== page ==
Letter from the director: Can we make another save for the nation?
Stephen Deuchar explains why the Wedgwood Collection is finally up for sale and how it can be secured forever for public ownership
As many members will know, the Art Fund and its partners have been battling in recent years to prevent the sale of the incomparably important Wedgwood Collection. Though we always knew that a public fundraising campaign might ultimately be required, we were concerned to ensure that no stone was left unturned in trying first to find an alternative way forward. It has been a difficult journey – and it is a complicated story, which we have been unable to tell in full until now.
These are the main points. When the manufacturing company Waterford Wedgwood UK plc first went into administration in 2009, it was initially believed that as the Collection was owned by the separate Wedgwood Museum Trust, it would not be at risk as a company asset. However, Waterford Wedgwood’s main creditor was the Pension Protection Fund (the pensions industry body set up on the instructions of the UK government to pay the pensions of past and present employees of bankrupt companies). And the PPF showed that as five of the Museum’s employees had belonged to the same pensions group as the main company’s 8,000 employees, the company debts, including the pensions liability of £134m, should now fall on the Wedgwood Museum Trust. This turn of events was a consequence of a ‘last man standing’ rule in recent pensions legislation, which makes the last solvent company belonging to a pension scheme liable for the whole. Thus, astonishingly, the Museum had to take on the full £134m debt, and as a result the Trust went into administration in April 2010.
The Trust and its lawyers believed that the Collection was still protected from sale, but the PPF – required by its own constitution to claw back any assets it could, as partial compensation for taking on the Wedgwood pensions payments – disputed this at law, and in December 2011 the High Court ruled that the Collection was indeed not protected by its Trust and was thus available to sell. We supported further legal efforts to contest this, but in March 2012 the Attorney General reluctantly upheld the judgement.
At this point we introduced the administrator of the Wedgwood Museum Trust to lawyers Mishcon de Reya, who had offered to help – believing that the Museum might have originally received inadequate legal advice in relation to its wish to safeguard the Collection, and therefore that litigation might now be possible. Mishcon’s detailed exploration of this possibility was conducted on a no-win-no-fee basis, but by October 2013 they had concluded there was a diminishing likelihood of a successful action, and we all – finally – accepted that there was no alternative to the Collection being sold.
Having kept in discussion with the Pensions Protection Fund throughout this process we now urgently sought to prevent the open auction of the Collection by Christie’s. In October, in consultation with the Heritage Lottery Fund (closely involved through its original investment in the Wedgwood Museum, and consequently able to exercise financial leverage over the Collection as an asset), we agreed that we would lead a fundraising campaign to acquire the Collection outright in order that it could subsequently be gifted to a safe new national owner.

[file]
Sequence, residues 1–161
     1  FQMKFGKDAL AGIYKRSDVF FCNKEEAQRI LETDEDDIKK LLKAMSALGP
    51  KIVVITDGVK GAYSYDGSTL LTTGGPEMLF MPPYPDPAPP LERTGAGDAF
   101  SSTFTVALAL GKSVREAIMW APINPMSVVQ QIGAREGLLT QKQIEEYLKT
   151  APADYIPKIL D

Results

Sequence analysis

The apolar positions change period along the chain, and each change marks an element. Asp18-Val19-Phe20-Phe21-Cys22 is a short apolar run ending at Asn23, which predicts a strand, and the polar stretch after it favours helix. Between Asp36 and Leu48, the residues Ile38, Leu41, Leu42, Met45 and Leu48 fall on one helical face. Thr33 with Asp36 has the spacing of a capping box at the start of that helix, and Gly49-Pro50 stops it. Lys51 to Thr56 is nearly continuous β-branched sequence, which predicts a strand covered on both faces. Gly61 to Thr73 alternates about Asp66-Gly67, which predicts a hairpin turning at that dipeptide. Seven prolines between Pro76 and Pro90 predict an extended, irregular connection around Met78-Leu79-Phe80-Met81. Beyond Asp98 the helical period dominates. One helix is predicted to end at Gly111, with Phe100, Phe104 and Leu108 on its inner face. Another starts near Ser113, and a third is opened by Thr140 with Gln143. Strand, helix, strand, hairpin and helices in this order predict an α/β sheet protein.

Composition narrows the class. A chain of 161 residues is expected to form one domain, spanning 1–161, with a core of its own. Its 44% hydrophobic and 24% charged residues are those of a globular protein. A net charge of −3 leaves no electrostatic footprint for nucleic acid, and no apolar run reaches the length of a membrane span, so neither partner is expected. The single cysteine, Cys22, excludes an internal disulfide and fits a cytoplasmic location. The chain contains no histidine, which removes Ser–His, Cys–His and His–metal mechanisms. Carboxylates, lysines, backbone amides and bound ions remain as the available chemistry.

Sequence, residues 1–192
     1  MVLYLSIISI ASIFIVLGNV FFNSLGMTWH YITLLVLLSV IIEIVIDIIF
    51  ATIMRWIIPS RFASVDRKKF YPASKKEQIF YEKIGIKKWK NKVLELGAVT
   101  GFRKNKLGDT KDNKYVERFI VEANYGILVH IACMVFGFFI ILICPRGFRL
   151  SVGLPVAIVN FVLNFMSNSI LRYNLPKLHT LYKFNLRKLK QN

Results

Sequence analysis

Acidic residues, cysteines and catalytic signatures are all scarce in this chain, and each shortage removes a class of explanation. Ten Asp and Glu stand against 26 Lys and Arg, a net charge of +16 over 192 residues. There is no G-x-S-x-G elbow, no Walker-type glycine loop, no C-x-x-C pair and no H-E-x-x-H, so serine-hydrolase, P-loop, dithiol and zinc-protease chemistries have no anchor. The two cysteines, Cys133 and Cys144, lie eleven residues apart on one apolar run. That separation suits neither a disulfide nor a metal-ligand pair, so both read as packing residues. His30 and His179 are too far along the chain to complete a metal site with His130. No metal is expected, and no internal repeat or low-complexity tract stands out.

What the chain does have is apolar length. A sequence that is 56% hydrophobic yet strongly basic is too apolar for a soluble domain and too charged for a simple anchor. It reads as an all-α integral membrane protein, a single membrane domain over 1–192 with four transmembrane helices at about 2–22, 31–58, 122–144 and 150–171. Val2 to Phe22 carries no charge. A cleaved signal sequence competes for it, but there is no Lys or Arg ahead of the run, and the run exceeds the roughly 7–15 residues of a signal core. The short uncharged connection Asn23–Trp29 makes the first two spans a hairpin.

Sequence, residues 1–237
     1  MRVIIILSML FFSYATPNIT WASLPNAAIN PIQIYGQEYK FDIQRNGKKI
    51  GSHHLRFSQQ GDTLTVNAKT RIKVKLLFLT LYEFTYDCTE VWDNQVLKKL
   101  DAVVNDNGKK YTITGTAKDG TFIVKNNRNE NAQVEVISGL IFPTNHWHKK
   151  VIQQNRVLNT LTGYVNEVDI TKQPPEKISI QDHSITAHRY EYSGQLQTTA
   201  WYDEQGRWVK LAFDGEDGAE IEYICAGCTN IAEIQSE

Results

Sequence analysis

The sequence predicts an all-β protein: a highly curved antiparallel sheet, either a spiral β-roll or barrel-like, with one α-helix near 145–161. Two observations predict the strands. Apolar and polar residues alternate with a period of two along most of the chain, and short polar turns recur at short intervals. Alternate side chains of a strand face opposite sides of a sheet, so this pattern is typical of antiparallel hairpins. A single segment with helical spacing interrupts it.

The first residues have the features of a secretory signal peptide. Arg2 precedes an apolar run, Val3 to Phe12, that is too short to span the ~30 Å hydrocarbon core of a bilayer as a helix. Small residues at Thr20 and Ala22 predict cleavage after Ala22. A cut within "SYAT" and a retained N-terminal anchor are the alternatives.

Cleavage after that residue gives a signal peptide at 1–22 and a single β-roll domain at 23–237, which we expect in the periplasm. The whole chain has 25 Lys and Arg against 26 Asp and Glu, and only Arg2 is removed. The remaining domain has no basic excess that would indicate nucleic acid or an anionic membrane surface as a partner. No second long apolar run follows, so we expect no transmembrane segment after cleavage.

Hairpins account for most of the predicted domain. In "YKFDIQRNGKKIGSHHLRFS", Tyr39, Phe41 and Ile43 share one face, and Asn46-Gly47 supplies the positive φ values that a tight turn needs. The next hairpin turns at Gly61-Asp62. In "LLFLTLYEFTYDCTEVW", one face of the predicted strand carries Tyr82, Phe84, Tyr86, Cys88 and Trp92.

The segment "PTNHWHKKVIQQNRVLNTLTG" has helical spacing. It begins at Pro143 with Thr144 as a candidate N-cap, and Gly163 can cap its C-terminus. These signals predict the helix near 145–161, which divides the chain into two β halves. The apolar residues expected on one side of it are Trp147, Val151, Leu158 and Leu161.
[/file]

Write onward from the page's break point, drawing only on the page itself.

The PPF agreed to give us a year to achieve this, and a purchase price of £15.75m (approximately the midway point of a Christie’s valuation of the whole Collection made in 2012) was set, with a deadline of November 2014.
Although we strongly believe that the Collection should remain on display close to, and in the context of, the Wedgwood factory near Stoke, we think that the question of its permanent ownership should be treated as a separate matter – for it is vital that the Collection should remain safe in perpetuity, regardless of where and by whom it is displayed, and that all donors to our appeal are assured of this. We therefore recently asked the trustees of the Victoria and Albert Museum whether, in the event of our successful acquisition of the Collection, they would accept it as a gift, and consider placing it on long-term loan to the Museum at Barlaston, which would be run by the new manufacturing company, Waterford Wedgwood Royal Doulton (WWRD).
We are delighted that both the V&A and the directors of WWRD have accepted this way forward in principle. Given WWRD’s current £34m investment programme at Barlaston, which will place the Museum within a revitalised visitor experience and factory tour, the future for the Wedgwood Collection has, in fact, never looked brighter.
As we face the final £2.74m fundraising hurdle we should reflect on the progress so far. In particular I would like to thank Carole Souter and Jenny Abramsky, respectively chief executive and chair of the Heritage Lottery Fund, and their trustees, for working so closely and constructively with us at every stage and for – magnificently – contributing such a substantial sum towards our fundraising target.
A private trust has also committed a major donation of £1m, matching the sum tabled by the Art Fund’s own trustees; two further trusts have given £150,000, and we have just heard that a further private trust will give up to £500,000 to match, pound for pound, the donations this autumn of Art Fund members and the wider public. Yes, I think that, together, we can make another save for the nation.
This column appears in the autumn 2014 issue of Art Quarterly, our members' magazine. To subscribe, please buy a National Art Pass.